By Carola Endicott
‘Tis the season for looking ahead to the new year. Will every category of health tech be able to support 10-20 thriving companies? And will 2022 be the year that AI delivers on its promise to help clinicians? No and yes. Please read on.
In a recent STAT, Katie Palmer noted “Among health tech companies that went public in 2021 — both through SPAC mergers and traditional IPOs — stock prices have fallen an average of roughly 45% since the close of their first day of trading.” And in MedCity News, Elise Reuter asked “what happens when the music stops?” Our industry is flooded with investment dollars fueling startups whose goal is to innovate and disrupt as they create a new normal. No doubt we’ll see some spectacular successes; the health care industry desperately needs that. But it’s unrealistic to expect that we’ll have 10 or 20 thriving companies in every segment. It’s highly likely we’ll see one or two category-defining companies that win the lion’s share of revenue and customers. So, in 2022, we think we’ll continue to see a thinning of the herd. You can’t sell vision forever – companies will increasingly need to show rigorous proof that they can deliver tangible results. As we saw in 2021, many will come up short of expectations.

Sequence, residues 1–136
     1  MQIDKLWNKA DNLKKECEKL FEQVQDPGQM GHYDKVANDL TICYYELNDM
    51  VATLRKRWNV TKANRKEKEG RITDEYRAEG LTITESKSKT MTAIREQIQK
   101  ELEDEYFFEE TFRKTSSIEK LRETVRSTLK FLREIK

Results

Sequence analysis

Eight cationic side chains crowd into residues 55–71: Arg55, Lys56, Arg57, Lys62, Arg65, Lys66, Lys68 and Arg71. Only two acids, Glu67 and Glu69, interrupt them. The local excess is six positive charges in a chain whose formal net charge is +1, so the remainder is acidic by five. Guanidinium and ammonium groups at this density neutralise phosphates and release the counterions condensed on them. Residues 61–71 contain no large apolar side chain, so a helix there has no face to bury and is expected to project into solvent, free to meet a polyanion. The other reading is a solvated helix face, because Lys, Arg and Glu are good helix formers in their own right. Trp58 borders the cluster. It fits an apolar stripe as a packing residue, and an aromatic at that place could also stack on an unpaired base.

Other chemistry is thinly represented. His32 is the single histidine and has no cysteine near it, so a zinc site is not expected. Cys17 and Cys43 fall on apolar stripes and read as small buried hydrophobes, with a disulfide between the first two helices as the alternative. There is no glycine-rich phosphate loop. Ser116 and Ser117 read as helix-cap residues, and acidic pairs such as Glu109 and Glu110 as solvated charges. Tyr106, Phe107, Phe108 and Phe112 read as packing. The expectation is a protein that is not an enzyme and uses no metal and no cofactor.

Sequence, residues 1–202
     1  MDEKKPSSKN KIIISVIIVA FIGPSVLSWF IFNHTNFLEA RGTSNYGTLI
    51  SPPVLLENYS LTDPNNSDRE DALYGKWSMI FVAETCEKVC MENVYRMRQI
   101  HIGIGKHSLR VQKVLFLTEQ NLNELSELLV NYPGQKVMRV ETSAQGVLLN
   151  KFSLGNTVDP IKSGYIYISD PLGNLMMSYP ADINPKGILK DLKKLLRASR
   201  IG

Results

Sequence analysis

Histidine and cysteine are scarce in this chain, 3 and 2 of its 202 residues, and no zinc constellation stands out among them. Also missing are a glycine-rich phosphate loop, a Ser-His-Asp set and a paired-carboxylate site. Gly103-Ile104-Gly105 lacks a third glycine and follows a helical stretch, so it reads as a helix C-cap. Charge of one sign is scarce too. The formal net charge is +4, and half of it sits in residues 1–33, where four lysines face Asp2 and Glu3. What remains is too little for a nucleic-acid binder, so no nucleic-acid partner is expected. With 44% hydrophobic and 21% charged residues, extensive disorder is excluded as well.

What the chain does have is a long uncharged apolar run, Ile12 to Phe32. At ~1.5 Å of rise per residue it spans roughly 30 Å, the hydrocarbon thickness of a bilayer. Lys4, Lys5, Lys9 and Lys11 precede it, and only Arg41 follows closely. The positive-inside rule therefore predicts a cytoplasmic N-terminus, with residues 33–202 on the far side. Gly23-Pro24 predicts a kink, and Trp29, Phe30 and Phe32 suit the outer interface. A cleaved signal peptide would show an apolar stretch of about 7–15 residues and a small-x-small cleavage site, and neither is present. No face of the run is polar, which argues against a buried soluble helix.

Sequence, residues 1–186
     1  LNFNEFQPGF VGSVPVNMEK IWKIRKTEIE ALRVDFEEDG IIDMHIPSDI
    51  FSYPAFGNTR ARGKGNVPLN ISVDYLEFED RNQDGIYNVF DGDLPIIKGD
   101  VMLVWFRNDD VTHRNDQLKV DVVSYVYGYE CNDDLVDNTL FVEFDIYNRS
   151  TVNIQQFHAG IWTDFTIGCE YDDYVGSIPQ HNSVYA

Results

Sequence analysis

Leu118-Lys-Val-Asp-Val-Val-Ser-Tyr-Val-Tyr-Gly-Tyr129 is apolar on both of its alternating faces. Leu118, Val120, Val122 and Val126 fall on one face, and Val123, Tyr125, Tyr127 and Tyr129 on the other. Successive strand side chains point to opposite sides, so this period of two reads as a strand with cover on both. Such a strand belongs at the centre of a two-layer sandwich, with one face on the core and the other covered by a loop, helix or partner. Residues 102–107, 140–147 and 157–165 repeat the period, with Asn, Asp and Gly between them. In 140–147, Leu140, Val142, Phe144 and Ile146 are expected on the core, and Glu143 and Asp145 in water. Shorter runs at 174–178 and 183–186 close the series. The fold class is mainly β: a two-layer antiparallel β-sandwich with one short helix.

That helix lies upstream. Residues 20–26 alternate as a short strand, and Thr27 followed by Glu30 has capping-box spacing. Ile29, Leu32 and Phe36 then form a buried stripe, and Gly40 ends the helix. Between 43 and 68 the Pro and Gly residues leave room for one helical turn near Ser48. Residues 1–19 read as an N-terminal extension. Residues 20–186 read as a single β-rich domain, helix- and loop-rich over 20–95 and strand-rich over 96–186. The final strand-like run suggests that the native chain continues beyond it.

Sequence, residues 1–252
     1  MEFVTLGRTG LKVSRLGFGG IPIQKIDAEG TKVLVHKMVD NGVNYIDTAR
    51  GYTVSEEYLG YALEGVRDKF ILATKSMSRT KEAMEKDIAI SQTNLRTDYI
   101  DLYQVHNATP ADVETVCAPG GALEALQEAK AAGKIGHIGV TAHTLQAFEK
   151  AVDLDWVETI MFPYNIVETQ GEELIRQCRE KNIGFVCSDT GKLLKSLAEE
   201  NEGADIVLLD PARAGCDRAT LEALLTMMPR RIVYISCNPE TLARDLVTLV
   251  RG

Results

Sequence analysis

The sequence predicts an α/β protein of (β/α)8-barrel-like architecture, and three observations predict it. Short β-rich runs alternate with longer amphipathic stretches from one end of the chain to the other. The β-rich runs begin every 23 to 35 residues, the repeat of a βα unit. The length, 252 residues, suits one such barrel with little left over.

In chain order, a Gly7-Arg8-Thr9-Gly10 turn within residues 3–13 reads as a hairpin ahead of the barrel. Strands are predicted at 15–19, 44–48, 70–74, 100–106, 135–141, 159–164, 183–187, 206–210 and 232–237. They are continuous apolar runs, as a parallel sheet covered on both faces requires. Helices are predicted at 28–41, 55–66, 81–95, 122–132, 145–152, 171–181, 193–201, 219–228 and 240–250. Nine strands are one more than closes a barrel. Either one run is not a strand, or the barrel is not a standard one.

And what about AI? After all these years, there is still a mix of enthusiasm and skepticism about its potential to improve healthcare. Clinicians, looking for relief from data overload and time scarcity, will start to learn how to incorporate AI-assists into their diagnostic workups for complex patients, as noted in a recent JAMA article by Julia Adler-Millstein. This is the year that early advocates using AI in controlled settings will lead the way to broader adoption at the point of care. As machine learning moves into the clinic, clinicians and the public will become increasingly aware of how predictive models should be used and the pitfalls to avoid. This will lead to a high-stakes debate about the strengths and especially the limitations of machine learning applications as some algorithms fail with possibly dire consequences while other solutions fueled by ML and deep clinical involvement, will be shining examples of what is possible.
The Dynamic Diagnostic Refinement Process (from the link above)